05/23/2013 08:12 EDT | Updated 05/19/2014 11:59 EDT

The Centre For Performing Arts Will Not Be Missed, Theatre Critic Says

While some see the pending sale of The Centre for Performing Arts as a loss for Vancouver's arts scene, UBC theatre professor and theatre critic Jerry Wasserman says the theatre never lived up to its lofty expectations.

"I don't think it leaves much of a legacy at all. This was a white elephant right from the beginning," said Wasserman in an interview with CBC Radio's Rick Cluff on The Early Edition.

Over the last few months, upcoming events scheduled to be held at the theatre have been cancelled and several media outlets including the CBC have reported a forthcoming sale to Westside Church.

The theatre has long advertised itself as a destination for touring Broadway musical shows, but Wasserman says theatre entrepreneur Garth Drabinsky and his company, Live Entertainment of Canada Inc., failed to establish the mega-musical as a viable business model in the mid-1990s.

Drabinsky built what was initially called "The Ford Theatre" at a cost of $27 million. It opened in 1995, but closed three years later due to the company's financial woes.

In 2001, Four Brothers Entertainment, a Colorado-based company, bought the building for $7.8 million — a fraction of the initial cost.

Four Brothers Entertainment is currently not speaking to the media, but at the time of the 2001 sale, Dennis Law, part-owner of the company, still had high expectations for the Vancouver theatre.

"This theatre is probably the most incredible Broadway-suitable theatre, techno-spectacle theatre in all of North America," Law told CBC News in 2001.

"Maybe we can call it 'The Centre.’ Sort of like the centre of the universe."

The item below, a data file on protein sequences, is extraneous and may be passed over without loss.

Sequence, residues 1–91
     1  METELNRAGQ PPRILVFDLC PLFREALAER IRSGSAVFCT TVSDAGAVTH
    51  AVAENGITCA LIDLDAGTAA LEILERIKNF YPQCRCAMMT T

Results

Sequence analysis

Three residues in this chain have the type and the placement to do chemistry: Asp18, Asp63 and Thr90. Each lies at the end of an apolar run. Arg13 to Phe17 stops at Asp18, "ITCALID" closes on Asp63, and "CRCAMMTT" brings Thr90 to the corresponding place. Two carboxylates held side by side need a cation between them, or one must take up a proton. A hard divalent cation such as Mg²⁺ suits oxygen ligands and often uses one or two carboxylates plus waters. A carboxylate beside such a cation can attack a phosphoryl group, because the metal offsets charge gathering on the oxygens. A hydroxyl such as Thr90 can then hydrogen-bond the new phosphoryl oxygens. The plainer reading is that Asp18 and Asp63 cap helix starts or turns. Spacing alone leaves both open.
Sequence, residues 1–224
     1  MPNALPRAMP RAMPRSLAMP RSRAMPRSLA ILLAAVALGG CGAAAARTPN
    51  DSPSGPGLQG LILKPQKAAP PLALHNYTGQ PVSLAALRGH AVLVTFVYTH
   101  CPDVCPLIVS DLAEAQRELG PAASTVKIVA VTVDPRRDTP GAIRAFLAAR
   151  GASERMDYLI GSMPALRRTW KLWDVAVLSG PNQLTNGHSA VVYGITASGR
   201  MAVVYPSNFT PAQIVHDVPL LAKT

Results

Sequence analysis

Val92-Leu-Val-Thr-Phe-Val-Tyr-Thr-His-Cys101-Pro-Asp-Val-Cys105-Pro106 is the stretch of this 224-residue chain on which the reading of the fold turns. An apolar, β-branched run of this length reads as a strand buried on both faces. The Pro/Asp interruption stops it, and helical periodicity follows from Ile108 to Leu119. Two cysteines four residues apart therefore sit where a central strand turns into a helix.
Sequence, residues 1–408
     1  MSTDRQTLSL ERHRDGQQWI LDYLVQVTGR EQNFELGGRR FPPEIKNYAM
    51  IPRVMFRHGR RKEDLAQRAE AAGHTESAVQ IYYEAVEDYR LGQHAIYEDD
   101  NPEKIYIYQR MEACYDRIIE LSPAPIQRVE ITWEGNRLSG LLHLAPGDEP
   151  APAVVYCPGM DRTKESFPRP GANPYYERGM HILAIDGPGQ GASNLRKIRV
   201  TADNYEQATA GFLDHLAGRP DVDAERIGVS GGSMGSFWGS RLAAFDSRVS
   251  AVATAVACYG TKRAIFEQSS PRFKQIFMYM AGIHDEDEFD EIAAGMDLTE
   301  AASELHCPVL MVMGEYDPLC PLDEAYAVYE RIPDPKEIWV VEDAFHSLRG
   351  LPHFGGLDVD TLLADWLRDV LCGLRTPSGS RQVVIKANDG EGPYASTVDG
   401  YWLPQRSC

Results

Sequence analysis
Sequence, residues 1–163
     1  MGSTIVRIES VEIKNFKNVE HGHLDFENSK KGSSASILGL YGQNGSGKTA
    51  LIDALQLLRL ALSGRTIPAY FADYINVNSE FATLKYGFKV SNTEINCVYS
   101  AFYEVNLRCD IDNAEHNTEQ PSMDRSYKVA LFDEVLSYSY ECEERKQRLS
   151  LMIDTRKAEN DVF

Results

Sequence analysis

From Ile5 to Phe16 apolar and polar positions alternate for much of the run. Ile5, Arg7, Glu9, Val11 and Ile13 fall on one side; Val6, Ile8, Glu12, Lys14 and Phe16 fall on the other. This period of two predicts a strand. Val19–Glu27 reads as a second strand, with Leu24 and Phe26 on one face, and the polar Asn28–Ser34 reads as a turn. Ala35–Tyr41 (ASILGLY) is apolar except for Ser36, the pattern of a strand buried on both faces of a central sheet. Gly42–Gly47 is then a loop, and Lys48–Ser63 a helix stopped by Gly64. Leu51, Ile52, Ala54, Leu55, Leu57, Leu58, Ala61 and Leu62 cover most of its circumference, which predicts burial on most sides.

Wasserman says Law's astronomical expectations were never realistic in the first place and the effort to meet those expectations never materialized.

"There really never was much of an attempt to make it a venue that was going to run shows three weeks out of every four, the way a venue that size has to run to be economically viable," he said.

"Vancouver is not New York, it's not Toronto, it's not Los Angeles, it's not Chicago. Those are the kinds of cities that can accommodate more than one or two 2,000-seat theatres."

Reaction in the arts community

Wasserman says some members of the arts community may be overacting to the theatre’s rumoured sale because the news follows closely after the closure of the Vancouver Playhouse Theatre Company in March 2012.

"Those are two very different stories. The Playhouse was a resident theatre company that was in that theatre for 50 years and its failure is a significant failure that speaks to the cultural life of Vancouver," he said.

"The Centre was a roadhouse that's basically been empty since a few years after it opened. I don't think its demise as a cultural space has the same kind of significance."

Wasserman says closing The Centre illustrates the fact that Vancouver is a mid-sized city that needs more mid-sized theatre venues.

"(Vancouver) needs more spaces like the new York Theatre that's opening as part of The Cultch down on the Eastside that seats 350 people. That place is going to be full every single night."

Goh Ballet says The Centre will be missed

Meanwhile, Vancouver’s Goh Ballet Academy could be looking for a new stage for its production of the Nutcracker this Christmas.

The company has been hosting its performance of "The Nutcracker" at the theatre since 2009, but director Chan Hon Goh says the production was recently cancelled because of the pending sale.

Goh,a former principal dancer with the National Ballet of Canada, hopes the theatre’s owners agree to continue hosting the performance because she says it's the ideal stage for the show.

"The Queen Elizabeth is quite big, it's almost 3,000 seats, and then next to it is the Vancouver Playhouse which is 600. There is no other venue like The Centre," Goh told CBC News.

"It may not be perfect, but it certainly was able to serve as a venue for a lot of local organizations like the Goh Ballet."

The Vancouver International Film Festival has also been forced to cancel a 16-day booking for its 2013 event because of the pending sale.

The Early Edition, hosted by Rick Cluff, is on the air every weekday morning from 5:30 a.m. to 8:37 a.m. on CBC Radio One. 88.1 FM / 690 AM.

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